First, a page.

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22/01/2020 - Translation

Estimated reading time: 8 minutes

Have you ever felt that despite speaking the same language, you just couldn’t get your message across to your conversation partner? You might think that sharing a common language would guarantee flawless communication, but anyone who has ever learned English as a second language, in particular, would quickly disagree.


Imagine a student of English sitting down to talk with a native of a small Scottish island, an Australian cattle rancher, a Texan oil tycoon or a New York cab driver. Pronunciation, vocabulary and idioms would quickly get in the way of comprehension. Although English is the most widely spoken language in the world, it varies greatly – even within English-speaking countries. To understand the differences in the dialects of English spoken around the globe today, we need to go back and take a look at its origins and development.


From invaders to traders

First appearing on the linguistic map in written form in approximately 450 AD as Old English, it was originally brought to present-day England by the Angle invaders, who pushed out the Celts and established their “Englisch” (originally “Englisc”, which means: pertaining to the Angles) as the dominant language, lasting until 1100. The arrival of William the Conqueror and his French influence in 1066 introduced new vocabulary, and Middle English prevailed until 1500. The Great Vowel Shift in 1400 saw significant changes to pronunciation, and more contact with the rest of the world resulted in the adoption of many foreign words and phrases and the prevalence of Early Modern English from 1500 until 1800. The invention of the printing press around 1440 encouraged standardisation, fixed spellings and grammar, and the London dialect became accepted as the norm, with the first English dictionary printed in 1604.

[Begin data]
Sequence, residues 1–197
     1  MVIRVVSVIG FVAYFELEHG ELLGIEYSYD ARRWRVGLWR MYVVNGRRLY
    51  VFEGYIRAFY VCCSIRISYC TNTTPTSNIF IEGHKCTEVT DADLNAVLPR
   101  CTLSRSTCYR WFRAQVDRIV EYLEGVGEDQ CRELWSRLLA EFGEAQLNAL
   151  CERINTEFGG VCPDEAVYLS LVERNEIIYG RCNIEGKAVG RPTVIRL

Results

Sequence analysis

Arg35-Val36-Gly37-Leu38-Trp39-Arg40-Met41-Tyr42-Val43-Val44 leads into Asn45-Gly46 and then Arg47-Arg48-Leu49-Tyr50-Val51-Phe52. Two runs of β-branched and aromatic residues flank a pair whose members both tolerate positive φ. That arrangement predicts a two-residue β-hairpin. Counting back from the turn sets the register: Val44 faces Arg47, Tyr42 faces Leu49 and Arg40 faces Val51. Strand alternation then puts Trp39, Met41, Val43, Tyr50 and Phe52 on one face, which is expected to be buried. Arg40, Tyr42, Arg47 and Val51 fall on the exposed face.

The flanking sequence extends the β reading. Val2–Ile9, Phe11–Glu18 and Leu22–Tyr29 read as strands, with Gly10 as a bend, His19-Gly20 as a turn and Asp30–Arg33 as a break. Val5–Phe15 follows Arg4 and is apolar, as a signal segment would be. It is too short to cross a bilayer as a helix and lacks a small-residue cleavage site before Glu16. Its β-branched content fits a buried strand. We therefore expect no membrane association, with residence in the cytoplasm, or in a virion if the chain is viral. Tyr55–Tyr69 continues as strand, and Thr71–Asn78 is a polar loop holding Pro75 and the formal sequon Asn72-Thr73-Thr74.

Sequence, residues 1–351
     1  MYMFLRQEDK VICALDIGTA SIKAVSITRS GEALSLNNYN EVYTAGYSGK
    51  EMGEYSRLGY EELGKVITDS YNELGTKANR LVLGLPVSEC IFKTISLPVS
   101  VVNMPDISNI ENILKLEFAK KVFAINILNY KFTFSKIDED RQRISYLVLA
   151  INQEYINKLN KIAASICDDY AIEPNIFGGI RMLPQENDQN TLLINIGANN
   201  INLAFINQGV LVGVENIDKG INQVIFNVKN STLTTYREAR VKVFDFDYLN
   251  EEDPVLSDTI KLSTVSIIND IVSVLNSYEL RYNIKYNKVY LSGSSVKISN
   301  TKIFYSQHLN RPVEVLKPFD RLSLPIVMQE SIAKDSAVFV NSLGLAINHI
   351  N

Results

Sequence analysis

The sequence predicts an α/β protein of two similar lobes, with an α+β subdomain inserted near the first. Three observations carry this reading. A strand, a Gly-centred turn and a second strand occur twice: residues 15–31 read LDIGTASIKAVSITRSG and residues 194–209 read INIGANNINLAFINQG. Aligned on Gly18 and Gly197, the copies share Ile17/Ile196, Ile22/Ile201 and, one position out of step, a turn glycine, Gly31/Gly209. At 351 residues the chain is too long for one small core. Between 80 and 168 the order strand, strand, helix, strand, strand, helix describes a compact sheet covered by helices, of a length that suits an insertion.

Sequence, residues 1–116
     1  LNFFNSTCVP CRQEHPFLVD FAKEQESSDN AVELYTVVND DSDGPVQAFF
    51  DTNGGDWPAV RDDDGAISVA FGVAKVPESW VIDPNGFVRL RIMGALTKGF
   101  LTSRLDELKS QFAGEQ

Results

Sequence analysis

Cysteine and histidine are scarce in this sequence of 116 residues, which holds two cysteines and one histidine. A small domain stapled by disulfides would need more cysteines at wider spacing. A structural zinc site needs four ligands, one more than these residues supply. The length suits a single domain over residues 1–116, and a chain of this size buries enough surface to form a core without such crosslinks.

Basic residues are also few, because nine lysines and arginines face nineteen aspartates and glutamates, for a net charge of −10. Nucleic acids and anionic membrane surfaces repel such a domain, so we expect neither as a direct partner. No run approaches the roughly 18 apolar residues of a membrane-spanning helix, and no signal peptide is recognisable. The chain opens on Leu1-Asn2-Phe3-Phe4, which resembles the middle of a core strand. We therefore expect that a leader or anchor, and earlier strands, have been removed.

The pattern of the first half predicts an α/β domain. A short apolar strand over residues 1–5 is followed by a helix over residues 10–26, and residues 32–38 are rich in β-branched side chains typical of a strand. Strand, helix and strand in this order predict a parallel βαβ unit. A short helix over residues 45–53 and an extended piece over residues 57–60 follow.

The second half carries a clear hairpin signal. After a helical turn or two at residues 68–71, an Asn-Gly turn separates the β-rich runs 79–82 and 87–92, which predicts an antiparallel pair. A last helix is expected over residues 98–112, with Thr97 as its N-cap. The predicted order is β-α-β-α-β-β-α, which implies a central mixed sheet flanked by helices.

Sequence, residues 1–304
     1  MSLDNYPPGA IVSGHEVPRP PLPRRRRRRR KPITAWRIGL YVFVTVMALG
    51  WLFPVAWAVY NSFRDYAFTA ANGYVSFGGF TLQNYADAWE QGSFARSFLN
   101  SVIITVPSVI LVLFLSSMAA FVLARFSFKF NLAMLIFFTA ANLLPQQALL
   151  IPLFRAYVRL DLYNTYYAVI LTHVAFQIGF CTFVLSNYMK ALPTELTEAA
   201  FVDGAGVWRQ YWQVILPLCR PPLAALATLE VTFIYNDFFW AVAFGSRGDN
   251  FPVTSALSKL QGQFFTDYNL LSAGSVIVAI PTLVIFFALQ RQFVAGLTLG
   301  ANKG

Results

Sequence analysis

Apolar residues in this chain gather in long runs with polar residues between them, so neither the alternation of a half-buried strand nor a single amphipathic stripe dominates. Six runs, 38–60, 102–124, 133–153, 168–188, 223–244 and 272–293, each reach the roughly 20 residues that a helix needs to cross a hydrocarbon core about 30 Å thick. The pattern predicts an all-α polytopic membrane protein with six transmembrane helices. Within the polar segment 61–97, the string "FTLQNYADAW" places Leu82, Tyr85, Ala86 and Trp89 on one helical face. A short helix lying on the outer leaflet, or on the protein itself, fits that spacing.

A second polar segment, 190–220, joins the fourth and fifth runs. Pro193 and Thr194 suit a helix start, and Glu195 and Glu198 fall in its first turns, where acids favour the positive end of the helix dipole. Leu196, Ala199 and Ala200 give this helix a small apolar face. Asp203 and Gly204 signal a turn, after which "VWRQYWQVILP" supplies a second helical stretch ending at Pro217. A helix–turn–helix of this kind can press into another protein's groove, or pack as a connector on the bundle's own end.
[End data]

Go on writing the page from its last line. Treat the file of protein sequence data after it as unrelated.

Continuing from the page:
Late Modern English is what we use today, with the main difference being a greatly expanded vocabulary thanks to the industrial and technological revolutions requiring more words to describe new machines, concepts and processes. The British Empire, whose influence was still felt right up until 1997 with the handover of Hong Kong to China, spread all over the world from the 16th century onward, adopting words from other languages along the way and ensuring that English was used as a “lingua franca” in some of the earth’s most remotest corners, and especially in former colonies such as Australia, New Zealand, India, Hong Kong, South Africa, Canada, many islands in the Caribbean, Kenya, Uganda, Zimbabwe, Zambia, Malaysia (including Singapore) and the United States.


A smorgasbord of dialects and regional accents